On June 16, 2015, six people (mostly students) died celebrating a 21st birthday party in Berkeley, California when the fifth story balcony they were standing on collapsed. Overwhelming evidence points to the building not being constructed properly, leading to dry rot, which structurally compromised the balcony - causing a collapse.
This led to California Governor Brown signing SB721 and SB326 in response to the 2015 balcony collapse. Despite the fact that some local governments already have local inspection programs in place, this
California law mandates the inspection of particular balconies everywhere. The main difference between the laws is that SB721 applies to apartment owners, and SB326 applies to condominium owners.
In 2018, Senate Bill 721—now defined as Section 17973 of the California Health and Safety Code—was approved and is applicable to buildings with three or more linked units.
Senate Bill 326, now defined as Section
5551 of the California Civil Code, is a 2019 law that affects community associations and condominiums with three or more linked units. Both laws require that the wood frame elements supporting balconies, decks, lifted walkways, and landings be inspected.
Since they were put into effect, SB721 and SB326 demand compliance from all owners of apartment and condominium buildings. Due to the huge increase in demand for inspections, there are far fewer trained contractors as well as inspectors available. As a result, the longer owners wait to take action before the 2025 deadline, and then every 9 years after that the higher the cost of compliance may become.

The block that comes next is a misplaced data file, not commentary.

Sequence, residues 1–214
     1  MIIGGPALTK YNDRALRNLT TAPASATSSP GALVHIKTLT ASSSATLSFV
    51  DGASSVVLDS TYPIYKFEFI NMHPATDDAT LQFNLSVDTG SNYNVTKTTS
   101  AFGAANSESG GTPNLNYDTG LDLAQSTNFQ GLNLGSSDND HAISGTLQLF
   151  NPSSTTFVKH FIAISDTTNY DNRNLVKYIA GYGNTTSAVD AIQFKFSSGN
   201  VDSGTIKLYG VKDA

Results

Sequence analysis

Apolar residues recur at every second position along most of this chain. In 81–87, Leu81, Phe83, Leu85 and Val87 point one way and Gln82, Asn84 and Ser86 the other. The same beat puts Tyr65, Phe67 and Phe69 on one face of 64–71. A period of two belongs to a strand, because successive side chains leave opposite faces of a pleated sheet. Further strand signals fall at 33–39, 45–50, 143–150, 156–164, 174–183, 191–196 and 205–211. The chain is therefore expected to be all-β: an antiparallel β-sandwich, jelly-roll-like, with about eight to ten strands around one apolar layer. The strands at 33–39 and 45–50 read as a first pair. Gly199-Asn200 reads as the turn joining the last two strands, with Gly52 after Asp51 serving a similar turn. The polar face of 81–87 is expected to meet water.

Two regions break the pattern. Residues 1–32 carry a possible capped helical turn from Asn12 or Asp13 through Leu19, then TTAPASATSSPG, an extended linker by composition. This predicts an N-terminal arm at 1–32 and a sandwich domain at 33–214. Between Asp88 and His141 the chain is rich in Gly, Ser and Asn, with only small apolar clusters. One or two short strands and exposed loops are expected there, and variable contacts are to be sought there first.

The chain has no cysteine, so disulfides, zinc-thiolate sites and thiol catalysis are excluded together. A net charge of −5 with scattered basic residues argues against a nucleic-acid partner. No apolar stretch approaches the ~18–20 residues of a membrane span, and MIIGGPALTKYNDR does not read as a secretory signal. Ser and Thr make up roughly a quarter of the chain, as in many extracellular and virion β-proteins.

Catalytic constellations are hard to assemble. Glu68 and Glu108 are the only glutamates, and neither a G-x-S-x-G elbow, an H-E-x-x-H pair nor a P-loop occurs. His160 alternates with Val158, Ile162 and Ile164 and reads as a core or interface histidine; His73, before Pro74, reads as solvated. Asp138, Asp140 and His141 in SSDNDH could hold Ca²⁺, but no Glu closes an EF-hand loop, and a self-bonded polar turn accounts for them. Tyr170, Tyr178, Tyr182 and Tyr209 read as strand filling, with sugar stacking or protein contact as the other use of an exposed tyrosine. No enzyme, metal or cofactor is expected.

Repair Classifications For SB721 and SB326
An immediate threat is when the elevated exterior element that the inspector determines to be blocking occupant access, posing an immediate threat to occupant safety, or requiring emergency repairs, including shoring, or both, shall be deemed an emergency condition, and the building owner shall take the necessary preventive measures right away. Repairs for emergency conditions must adhere to the law's standards, be examined by the inspector, and be submitted to the area's enforcement agency.
When there is no immediate threat, the building owner must apply for a permit within 120 days of receiving the inspection
report if corrective work needs to be done on an elevated outside element but, in the inspector's judgment, does not immediately endanger the safety of the occupants. Once the permit is approved, the owner now has 120 days to make the necessary repairs, and if after 180 days they do not meet the requirements, a daily fee will be incurred.
How SKS Can Help Building Owners With SB721 and SB326
SKS Construction provides a comprehensive range of services to aid in the repair of the damaged exterior elevated elements. By using non destructive measures of inspection, SKS construction will be able to analyze most of the structural integrity of the existing building. Where needed, some areas that will be exposed for further inspection will be covered and accessible for future inspections. If initial inspections reveal issues that compromise the structural integrity of the building, SKS Construction can offer an extent
of work, design support, and permitting aid at the building owner's request for the repair of the damaged components.
A full-service design/build, engineering, and construction firm, SKS Construction was established in Los Angeles, California, in 1987. SKS
Construction is recognized as a leader in engineering and construction of New Construction, Seismic Retrofitting and Balcony Repairs. The SKS team is composed of in-house designers, licensed contractors, and experienced engineers around the clock to attend to your every engineering and construction need.
Make Sure Your Building is SB721 and SB326 Compliant
Serving The Greater Los Angeles Area